Eco Friendly and Green Funerals
Planning for the funeral of a loved one or even for your own has now taken on a new dimension in this new age of environmental awareness and activism. Following are some options you can consider during this process.
One way to support an eco-friendly burial process is to insist that the body not be embalmed. Embalming fluid is usually a mixture of chemicals such as formaldehyde, methanol, ethanol and other solvents. The purpose of course is to prevent the body from decomposing until burial.
Formaldehyde and other chemicals used are harmful substances for the living. The International Agency for Research on Cancer reported in 1995 that formaldehyde probably causes cancer in humans.
Choosing a casket is another area where you can go green. One of the more eco-friendly varieties is the old-fashioned plain pine box. These boxes usually contain no metal parts and the fabrics used on the inside can be made from undyed, unbleached cotton and cellulose materials.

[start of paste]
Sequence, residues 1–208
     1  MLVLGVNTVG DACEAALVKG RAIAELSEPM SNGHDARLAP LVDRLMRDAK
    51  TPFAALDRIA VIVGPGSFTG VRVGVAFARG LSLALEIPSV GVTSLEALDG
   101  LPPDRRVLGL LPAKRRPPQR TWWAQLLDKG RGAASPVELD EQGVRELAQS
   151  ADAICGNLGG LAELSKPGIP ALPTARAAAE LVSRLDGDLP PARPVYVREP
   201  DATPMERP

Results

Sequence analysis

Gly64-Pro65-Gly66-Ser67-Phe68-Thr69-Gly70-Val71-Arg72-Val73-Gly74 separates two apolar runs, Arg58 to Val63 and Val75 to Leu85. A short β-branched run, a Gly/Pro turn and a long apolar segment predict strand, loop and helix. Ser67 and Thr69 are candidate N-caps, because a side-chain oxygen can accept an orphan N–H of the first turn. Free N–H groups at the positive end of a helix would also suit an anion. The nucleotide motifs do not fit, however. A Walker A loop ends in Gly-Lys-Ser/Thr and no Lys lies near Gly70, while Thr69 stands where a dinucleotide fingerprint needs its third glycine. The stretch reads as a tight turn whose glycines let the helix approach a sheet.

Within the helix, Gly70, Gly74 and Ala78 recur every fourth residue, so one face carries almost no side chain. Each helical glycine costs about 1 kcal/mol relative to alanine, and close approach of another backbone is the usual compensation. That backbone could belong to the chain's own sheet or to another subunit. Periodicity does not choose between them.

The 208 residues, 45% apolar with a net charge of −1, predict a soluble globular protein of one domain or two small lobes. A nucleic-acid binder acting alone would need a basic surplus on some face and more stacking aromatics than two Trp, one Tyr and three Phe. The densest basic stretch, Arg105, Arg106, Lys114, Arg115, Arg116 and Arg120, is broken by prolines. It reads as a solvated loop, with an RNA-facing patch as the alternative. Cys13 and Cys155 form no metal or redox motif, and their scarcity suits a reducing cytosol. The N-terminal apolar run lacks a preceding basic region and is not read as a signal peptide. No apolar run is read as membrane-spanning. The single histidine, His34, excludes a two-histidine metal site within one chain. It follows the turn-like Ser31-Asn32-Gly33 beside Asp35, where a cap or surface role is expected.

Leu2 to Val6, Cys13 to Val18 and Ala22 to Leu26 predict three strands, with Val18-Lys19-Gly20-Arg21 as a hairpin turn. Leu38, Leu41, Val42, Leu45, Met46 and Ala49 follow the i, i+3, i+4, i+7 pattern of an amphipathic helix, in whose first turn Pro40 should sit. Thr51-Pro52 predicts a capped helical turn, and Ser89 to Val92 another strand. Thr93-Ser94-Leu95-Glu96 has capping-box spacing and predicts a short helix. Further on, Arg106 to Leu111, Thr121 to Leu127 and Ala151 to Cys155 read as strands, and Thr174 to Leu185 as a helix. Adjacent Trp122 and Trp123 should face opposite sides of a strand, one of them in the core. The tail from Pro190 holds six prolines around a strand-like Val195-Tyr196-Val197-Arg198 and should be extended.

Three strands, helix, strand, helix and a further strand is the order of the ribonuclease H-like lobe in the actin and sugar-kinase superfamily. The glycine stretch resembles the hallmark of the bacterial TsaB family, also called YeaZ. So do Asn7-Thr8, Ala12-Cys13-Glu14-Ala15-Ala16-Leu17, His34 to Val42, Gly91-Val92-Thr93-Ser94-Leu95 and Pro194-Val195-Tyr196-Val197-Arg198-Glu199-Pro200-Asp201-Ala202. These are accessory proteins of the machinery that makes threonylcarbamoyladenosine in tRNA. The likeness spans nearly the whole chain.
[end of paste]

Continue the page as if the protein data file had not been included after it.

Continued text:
Eco-coffins can also be finished in natural walnut oil or beeswax instead of the traditional chemical laced products such as lacquer, varnish, urethanes and varathanes. These products release harmful emissions when buried or burned during a cremation.
Eco-friendly caskets made in this way should degrade within 60 years, if the casket is not placed in a concrete vault.
There are also natural burials available in some areas in the United States and the UK. In these kinds of burials the bodies are not embalmed and they are buried in either a simple casket as described above OR a shroud in a protected green space. Headstones are not permitted, but flat indigenous stones can be engraved and used to mark the final resting place.
Here’s a list you can keep for reference when planning an eco-friendly funeral:
· Insist on the body not being embalmed.
· Consider getting permission for organ donation before death so that someone else may have a life extended.
· In cases of a burial, request that the casket not be placed into a concrete vault.
· For a casket, choose a simple box made from local sustainable wood or cardboard.
· For cremation, if you or the deceased has false teeth plan for them to be removed to avoid the release into the atmosphere of mercury from fillings.
· In lieu of flowers, ask that donations be made to a land conservation organization.
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